Friday's Critical Mass ride was one of the more popular of the year because of its Halloween theme. Cyclists arrived in an imaginative array of costumes, including witches, goblins, skeletons and zombies.

Still searching for more answers on Christopher St.
By Albert Amateau
Just eight weeks after the beginning of the Christopher St. initiative, intended to address problems concerning crowds of lesbian, gay, bisexual and transgender teenagers from all over the city who spend their nights on the Christopher St. Pier, West Village residents said last week that they were still beset by noisy, obscene and at times menacing behavior.


Theater Speacial

Ellen Stewart: Still pushing that pushcart
By JERRY TALLMER
It is five steep flights from the ground floor to the top floor of 74-A East 4th Street, and Ellen Stewart, whose living quarters are three small, cluttered rooms on that top floor, says she “can no longer go up and down those stairs unless four boys from one of the shows can take me up and down.”

His Idear
By JERRY TALLMER
On the day of the opening night of his play about a Jackson, Mississippi, ex-beauty queen named My Deah who murders her own two children to get back at her unfaithful ex-football- hero-slob husband, John Epperson was having lunch at Moustache, a tiny Middle Eastern restaurant on Bedford Street in Greenwich Village.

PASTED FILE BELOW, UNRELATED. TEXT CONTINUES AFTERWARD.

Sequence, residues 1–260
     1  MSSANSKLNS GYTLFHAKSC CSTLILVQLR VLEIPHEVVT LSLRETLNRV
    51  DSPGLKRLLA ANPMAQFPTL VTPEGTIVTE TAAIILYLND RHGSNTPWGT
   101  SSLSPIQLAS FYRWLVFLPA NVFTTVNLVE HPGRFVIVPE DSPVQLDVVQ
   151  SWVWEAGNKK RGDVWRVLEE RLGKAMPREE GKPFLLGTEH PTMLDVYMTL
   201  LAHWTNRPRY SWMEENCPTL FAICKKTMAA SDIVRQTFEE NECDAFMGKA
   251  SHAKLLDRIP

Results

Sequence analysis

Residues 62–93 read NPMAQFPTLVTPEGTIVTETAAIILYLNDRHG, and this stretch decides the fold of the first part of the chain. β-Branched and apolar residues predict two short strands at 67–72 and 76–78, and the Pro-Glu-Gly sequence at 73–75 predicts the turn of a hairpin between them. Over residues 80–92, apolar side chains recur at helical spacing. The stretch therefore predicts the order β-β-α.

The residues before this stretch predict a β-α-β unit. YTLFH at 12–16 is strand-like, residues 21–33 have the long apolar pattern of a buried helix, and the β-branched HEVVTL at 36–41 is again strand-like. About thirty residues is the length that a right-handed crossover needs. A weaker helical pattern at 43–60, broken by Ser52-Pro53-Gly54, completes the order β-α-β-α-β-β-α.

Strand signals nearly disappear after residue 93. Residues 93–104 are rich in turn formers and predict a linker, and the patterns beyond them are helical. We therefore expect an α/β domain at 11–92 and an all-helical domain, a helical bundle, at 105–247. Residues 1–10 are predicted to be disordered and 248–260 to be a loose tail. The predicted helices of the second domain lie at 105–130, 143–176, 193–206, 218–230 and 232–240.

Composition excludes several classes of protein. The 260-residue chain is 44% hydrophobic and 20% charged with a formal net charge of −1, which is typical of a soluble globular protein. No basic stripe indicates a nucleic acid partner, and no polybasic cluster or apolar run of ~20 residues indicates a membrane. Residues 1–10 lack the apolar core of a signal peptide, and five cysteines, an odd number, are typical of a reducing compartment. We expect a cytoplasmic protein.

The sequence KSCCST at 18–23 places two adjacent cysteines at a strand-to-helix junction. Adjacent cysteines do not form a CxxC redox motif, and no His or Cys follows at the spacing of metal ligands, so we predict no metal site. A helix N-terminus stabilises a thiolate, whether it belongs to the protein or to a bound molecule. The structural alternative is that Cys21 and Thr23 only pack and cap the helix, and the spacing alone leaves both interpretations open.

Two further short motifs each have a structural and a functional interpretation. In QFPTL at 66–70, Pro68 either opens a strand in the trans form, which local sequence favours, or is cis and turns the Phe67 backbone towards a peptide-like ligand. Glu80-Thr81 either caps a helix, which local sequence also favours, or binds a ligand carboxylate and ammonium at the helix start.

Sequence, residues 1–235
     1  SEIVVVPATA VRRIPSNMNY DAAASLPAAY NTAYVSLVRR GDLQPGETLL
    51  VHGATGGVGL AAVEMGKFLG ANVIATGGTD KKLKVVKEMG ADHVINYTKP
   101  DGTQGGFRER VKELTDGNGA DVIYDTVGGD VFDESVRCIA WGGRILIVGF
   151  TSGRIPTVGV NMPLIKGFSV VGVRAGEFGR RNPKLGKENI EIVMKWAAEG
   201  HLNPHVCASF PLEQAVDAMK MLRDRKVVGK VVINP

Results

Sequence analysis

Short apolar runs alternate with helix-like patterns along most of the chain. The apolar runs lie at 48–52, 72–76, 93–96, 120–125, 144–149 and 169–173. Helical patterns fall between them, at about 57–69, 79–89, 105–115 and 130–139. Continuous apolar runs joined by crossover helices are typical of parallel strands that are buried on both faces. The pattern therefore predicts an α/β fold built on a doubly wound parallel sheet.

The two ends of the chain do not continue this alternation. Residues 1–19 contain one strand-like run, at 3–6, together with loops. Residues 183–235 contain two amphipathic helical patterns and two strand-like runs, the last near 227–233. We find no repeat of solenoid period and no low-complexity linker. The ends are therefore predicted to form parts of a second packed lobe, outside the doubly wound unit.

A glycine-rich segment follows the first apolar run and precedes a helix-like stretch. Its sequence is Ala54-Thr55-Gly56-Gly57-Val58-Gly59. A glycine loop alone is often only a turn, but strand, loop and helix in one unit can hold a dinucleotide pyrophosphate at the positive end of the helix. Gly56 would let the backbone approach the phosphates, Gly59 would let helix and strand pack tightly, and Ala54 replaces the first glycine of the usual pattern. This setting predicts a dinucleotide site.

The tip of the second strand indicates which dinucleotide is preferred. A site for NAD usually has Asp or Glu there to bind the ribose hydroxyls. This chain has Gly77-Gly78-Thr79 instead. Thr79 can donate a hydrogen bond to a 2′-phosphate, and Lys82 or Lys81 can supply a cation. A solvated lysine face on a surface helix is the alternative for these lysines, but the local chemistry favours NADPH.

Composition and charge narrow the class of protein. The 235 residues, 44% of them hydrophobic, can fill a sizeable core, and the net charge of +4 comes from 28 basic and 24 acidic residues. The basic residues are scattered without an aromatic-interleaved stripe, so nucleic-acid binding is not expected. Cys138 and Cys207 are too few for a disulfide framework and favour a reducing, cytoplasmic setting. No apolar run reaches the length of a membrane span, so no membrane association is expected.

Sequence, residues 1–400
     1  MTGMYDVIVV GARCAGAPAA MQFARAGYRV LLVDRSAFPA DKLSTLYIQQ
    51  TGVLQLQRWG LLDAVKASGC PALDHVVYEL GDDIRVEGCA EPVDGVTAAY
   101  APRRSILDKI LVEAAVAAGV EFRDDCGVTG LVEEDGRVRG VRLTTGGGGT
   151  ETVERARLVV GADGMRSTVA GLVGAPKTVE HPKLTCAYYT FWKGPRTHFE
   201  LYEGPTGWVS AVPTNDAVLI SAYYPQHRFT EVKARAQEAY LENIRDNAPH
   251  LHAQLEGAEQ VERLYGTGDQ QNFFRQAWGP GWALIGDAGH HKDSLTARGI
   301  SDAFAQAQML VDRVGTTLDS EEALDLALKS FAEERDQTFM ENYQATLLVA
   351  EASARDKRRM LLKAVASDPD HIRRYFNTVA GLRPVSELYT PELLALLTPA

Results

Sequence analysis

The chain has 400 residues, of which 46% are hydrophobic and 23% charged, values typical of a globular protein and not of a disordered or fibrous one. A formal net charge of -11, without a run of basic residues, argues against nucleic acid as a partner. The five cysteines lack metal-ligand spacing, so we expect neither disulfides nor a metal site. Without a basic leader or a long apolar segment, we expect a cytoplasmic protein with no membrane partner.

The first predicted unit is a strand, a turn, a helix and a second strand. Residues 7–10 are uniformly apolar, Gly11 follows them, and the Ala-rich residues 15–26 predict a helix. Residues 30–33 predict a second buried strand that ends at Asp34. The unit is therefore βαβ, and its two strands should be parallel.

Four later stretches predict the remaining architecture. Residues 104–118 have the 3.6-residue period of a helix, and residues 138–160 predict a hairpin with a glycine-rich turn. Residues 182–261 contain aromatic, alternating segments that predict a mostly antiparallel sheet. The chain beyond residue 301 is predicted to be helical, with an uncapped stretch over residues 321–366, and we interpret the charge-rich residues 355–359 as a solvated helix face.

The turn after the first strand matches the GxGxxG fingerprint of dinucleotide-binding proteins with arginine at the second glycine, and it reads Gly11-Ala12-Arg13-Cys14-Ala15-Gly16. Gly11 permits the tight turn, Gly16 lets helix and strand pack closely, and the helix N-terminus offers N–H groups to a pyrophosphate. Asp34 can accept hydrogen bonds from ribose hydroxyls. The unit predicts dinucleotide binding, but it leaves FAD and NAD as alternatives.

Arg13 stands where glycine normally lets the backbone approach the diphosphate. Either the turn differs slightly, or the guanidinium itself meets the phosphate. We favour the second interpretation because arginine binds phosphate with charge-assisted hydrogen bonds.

The Playbills of Broadway’s past
By Scott Harrah
A little more than three years ago, I went to a performance of “Wicked” by myself. As a freelance theater critic for numerous publications, this was a normal occurrence for me at the time, since none of my friends enjoyed the theater. They found Broadway to be too expensive and musicals to be corny, and I either had to force them to see shows with me, or I had to go alone. So there I was at “Wicked,” sitting in the dark theater as I watched the audience clap and cheer after each scene.

NEWS
Hanging with the Spoon Man and Deer Lady on Halloween
By Lawrence Lerner
On any other evening, Mike Sullivan might struggle to be noticed. Short and plump with a gray-speckled beard, the 53-year-old animator from Manhattan’s Clinton neighborhood is not exactly George Clooney, and his slow monotone voice trails off as he finishes his sentences.

Activist, reporter, former squatter Brad Will shot dead in Mexico
By Lincoln Anderson
Outrage over the murder of activist and journalist Brad Will and the violence in Oaxaca, Mexico, exploded on Monday when a protest by hundreds of angry demonstrators outside the Mexican Consulate in Midtown flared into a near riot with the police.

Seminary prays its new design will convert critics
By Lawrence Lerner
The General Theological Seminary unveiled a revision of its controversial 17-story Ninth Ave. tower prop

'Legends' explosions make neighbors edgy, not jiggy
By Lori Haught